Overview: Amitava Kumar’s Every Day I Write the Book is for academic writers what Annie Dillard’s The Writing Life and Stephen King’s On Writing are for creative writers. Alongside Kumar’s interviews with an array of scholars whose distinct writing offers inspiring examples for students and academics alike, the book’s pages are full of practical advice about everything from how to write criticism to making use of a kitchen timer. Communication, engagement, honesty: these are the aims and sources of good writing. Storytelling, attention to organization, solid work habits: these are its tools. Kumar’s own voice is present in his essays about the writing process and in his perceptive and witty observations on the academic world. A writing manual as well as a manifesto, Every Day I Write the Book will interest and guide aspiring writers everywhere.
4. Nikola Tesla on His Work With Alternating Currents and Their Application to Wireless Telegraphy, Telephony, and Transmission of Power by Leland I. Anderson
Overview: In this recently discovered transcript of a three day interview conducted in 1916, Nikola Tesla, using words and graphic illustrations, provides a step by step description of his remarkable accomplishments in the area of radio frequency engineering. In a style uniquely his own, Tesla carefully traces his work – from the first high frequency alternators constructed at his New York City Grand Street laboratory and their associated tuned circuits through the establishment of his huge broadcasting facility, the Wardenclyffe Plant, at Shoreham, Long Island. Among the variety of topics discussed are: high frequency alternators, experiments with wireless telegraphy and telephony, mechanical and electrical oscillators, the Colorado experiments, theory and technique of energy transmission, the Long Island plant, and arrangements for receiving. Seldom, in technical research, has such a treasure of descriptive commentary and historical documentation been discovered. The previously untold story found within the pages of this remarkable book has been described by the prominent Tesla researcher James Corum as a “veritable Rosetta stone” for tracing the technical thoughts of one of our most distinguished engineering scientists. Includes 61 photos and 42 line-art illustrations, many never before published.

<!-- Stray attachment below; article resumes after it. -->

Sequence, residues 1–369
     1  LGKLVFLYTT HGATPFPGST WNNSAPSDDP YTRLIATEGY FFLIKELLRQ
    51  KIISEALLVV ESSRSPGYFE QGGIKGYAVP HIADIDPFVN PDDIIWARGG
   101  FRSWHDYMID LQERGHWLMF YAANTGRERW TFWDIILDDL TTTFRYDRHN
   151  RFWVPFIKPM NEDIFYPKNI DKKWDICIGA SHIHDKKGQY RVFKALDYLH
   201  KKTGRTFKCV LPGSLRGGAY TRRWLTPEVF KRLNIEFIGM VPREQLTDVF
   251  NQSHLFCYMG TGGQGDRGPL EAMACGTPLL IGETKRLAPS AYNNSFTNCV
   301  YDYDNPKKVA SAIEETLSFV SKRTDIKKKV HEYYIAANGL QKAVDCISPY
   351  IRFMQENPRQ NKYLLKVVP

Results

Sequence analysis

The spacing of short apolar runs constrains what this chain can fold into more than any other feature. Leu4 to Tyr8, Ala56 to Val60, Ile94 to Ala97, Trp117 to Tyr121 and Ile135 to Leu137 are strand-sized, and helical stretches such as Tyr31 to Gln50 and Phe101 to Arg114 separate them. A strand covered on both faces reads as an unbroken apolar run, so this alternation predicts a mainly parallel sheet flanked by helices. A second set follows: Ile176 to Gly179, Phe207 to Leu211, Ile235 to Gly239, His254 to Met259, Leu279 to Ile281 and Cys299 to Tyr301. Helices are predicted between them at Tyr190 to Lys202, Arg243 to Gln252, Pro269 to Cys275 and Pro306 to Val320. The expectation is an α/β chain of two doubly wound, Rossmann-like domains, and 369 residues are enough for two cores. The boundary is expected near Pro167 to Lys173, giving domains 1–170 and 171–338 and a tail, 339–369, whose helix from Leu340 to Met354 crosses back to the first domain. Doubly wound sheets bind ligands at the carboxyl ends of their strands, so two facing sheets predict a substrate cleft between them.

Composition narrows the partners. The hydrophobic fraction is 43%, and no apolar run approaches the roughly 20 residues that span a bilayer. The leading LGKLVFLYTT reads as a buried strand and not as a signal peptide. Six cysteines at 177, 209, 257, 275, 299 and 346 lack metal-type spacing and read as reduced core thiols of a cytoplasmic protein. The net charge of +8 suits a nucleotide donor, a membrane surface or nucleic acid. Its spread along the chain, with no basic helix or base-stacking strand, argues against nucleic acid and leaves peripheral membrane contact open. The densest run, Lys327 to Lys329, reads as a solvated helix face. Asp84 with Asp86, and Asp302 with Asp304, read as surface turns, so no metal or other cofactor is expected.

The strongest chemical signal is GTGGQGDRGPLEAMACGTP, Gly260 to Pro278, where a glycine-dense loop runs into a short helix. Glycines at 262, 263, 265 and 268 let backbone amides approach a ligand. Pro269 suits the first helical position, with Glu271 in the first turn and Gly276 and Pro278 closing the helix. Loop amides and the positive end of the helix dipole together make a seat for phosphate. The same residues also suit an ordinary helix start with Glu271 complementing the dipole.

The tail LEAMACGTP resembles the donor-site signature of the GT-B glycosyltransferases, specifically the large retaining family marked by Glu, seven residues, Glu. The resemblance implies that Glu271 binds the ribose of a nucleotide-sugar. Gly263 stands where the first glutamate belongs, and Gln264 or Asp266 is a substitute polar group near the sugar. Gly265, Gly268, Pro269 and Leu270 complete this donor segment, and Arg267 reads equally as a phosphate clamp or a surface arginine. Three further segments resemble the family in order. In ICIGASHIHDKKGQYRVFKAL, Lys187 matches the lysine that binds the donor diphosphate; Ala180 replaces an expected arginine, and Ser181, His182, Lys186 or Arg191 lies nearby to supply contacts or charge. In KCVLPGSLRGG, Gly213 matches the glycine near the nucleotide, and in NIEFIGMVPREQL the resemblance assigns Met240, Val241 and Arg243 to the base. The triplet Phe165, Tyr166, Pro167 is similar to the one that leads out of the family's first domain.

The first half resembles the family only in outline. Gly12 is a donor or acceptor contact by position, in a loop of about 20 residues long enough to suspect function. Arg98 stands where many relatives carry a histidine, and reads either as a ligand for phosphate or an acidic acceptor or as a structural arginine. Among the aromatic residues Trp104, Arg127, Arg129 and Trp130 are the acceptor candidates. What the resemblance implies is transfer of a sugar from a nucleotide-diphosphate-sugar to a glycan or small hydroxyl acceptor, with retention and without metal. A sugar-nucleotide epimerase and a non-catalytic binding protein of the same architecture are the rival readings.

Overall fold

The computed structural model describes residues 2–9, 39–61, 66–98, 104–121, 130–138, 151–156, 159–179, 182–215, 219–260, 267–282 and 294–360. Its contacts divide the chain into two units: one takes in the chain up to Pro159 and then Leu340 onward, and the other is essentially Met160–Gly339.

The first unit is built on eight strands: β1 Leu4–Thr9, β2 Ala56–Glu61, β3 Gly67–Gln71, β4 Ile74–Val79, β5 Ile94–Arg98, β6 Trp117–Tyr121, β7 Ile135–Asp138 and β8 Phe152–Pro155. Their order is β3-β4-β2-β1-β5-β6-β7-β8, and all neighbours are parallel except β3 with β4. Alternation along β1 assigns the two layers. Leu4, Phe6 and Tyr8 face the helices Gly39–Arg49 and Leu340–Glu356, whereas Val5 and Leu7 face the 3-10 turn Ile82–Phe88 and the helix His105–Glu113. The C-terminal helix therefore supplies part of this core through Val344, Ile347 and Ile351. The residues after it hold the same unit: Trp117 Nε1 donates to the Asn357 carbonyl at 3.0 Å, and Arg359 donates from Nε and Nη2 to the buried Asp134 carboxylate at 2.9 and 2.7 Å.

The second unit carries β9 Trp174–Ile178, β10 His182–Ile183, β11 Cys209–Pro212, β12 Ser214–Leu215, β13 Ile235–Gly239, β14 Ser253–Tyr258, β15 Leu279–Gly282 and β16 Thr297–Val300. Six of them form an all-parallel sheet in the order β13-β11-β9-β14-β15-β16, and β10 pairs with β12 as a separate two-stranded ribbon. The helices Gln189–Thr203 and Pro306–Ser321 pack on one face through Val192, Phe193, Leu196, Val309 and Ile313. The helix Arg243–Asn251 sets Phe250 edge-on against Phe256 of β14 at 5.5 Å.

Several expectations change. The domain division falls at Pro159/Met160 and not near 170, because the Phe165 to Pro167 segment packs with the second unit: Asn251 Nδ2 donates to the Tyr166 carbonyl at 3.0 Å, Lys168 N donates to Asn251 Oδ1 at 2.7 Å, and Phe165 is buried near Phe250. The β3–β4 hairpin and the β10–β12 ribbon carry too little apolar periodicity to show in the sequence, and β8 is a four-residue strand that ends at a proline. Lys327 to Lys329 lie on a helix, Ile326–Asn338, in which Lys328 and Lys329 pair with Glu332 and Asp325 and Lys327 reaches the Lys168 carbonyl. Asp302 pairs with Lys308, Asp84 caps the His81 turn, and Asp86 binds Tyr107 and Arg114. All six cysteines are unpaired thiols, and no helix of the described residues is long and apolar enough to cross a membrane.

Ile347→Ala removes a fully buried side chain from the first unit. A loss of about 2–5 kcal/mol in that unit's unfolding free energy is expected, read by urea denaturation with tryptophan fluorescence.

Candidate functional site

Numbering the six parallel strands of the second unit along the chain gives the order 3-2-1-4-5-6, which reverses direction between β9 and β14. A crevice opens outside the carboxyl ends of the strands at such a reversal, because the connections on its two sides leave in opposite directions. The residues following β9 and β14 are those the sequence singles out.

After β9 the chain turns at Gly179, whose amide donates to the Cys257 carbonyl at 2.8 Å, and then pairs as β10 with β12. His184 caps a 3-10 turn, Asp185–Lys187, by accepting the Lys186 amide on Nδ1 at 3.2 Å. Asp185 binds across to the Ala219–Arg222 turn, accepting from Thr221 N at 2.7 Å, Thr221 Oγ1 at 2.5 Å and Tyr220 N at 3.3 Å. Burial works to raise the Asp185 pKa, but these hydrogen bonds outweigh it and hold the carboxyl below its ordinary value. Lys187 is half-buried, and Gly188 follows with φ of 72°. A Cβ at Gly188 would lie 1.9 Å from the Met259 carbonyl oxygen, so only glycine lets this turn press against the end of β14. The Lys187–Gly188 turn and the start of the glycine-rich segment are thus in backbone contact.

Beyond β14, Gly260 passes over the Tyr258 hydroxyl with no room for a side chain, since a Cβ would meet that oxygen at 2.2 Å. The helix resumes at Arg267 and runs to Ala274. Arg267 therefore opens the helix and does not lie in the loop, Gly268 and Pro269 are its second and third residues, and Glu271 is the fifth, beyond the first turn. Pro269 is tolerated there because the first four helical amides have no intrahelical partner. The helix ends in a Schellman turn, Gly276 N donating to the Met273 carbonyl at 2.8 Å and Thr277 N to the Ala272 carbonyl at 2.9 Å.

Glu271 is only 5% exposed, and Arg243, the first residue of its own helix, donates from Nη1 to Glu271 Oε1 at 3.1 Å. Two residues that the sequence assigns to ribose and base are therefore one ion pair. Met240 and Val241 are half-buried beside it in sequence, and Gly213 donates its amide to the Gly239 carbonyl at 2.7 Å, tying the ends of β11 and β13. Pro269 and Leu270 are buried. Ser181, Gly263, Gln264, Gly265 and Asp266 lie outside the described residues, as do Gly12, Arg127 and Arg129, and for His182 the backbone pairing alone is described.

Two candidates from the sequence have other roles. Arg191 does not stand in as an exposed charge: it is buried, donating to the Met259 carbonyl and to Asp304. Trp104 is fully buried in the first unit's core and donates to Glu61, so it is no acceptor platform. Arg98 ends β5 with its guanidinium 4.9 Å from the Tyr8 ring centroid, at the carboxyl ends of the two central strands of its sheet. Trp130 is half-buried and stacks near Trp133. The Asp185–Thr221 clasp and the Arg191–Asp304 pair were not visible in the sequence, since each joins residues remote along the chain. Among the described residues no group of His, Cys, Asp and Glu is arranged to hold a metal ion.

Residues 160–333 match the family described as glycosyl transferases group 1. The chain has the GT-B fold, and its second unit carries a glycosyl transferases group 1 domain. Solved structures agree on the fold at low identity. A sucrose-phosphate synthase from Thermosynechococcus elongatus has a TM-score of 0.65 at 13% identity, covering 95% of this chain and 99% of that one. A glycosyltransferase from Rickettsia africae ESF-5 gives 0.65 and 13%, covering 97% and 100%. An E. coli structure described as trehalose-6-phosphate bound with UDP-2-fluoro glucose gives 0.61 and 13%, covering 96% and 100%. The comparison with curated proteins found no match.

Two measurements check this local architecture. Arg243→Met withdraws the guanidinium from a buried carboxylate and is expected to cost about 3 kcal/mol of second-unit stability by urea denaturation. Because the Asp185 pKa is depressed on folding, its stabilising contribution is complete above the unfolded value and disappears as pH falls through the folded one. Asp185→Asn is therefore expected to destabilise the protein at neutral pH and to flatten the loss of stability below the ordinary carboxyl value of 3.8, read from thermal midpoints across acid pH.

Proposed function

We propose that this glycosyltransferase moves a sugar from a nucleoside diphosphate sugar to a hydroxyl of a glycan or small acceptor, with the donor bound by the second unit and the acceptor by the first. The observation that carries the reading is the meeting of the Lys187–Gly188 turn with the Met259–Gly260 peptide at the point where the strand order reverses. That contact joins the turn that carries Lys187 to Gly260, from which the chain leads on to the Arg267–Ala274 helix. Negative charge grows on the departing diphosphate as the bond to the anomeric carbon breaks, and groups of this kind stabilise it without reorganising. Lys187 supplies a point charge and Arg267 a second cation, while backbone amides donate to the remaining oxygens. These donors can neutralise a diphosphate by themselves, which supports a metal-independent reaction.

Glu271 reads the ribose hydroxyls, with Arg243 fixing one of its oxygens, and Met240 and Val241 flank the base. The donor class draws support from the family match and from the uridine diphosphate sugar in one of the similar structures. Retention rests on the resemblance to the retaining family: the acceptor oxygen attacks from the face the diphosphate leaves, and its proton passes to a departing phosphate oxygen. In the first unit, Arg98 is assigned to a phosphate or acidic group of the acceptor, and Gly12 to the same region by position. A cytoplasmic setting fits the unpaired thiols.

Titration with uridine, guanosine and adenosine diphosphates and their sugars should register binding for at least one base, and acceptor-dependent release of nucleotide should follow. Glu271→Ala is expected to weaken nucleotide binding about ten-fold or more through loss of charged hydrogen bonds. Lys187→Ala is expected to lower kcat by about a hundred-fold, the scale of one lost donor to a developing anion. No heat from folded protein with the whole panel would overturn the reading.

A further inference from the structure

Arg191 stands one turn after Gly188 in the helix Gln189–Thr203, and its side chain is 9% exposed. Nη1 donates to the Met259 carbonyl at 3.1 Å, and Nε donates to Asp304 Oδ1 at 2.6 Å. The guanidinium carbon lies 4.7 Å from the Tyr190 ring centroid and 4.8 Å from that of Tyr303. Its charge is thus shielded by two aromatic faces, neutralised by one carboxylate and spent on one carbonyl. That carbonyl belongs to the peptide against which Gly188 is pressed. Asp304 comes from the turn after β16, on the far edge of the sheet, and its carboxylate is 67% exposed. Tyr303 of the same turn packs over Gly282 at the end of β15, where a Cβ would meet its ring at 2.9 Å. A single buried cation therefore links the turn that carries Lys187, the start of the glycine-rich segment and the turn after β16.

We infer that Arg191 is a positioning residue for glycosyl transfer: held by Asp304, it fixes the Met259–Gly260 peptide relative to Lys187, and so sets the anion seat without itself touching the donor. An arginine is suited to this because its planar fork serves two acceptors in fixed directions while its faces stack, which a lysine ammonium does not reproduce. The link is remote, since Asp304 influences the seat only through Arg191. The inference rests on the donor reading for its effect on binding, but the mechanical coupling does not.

5. The Theory of Everything: The Origin and Fate of the Universe by Stephen Hawking
Overview: With a title inspired as much by Douglas Adams’ Hitchhiker series as Einstein, The Theory of Everything delivers almost as much as it promises. Transcribed from Stephen Hawking’s Cambridge Lectures, the slim volume may not present a single theory unifying gravity with the other fundamental forces, but it does carefully explain the state of late 20th-century physics with the great scientist’s characteristic humility and charm. Explicitly shunning math, Hawking explains the fruits of 100 years of heavy thinking with metaphors that are simple but never condescending–he compares the settling of the newborn universe into symmetry to the formation of ice crystals in a glass of water, for example. While he explores his own work (especially when speaking about black holes), he also discusses the important milestones achieved by others like Richard Feynman. Though occasionally an impenetrably obscure phrase does slip by, the reader will find the bulk of the text enlightening and engaging. The material, from the nature of time to the possibility that the universe has no beginning or end, is rich and deep and inevitably ignites metaphysical thinking. After all, Hawking is famous for his “we would know the mind of God” remark, which ends the final lecture herein.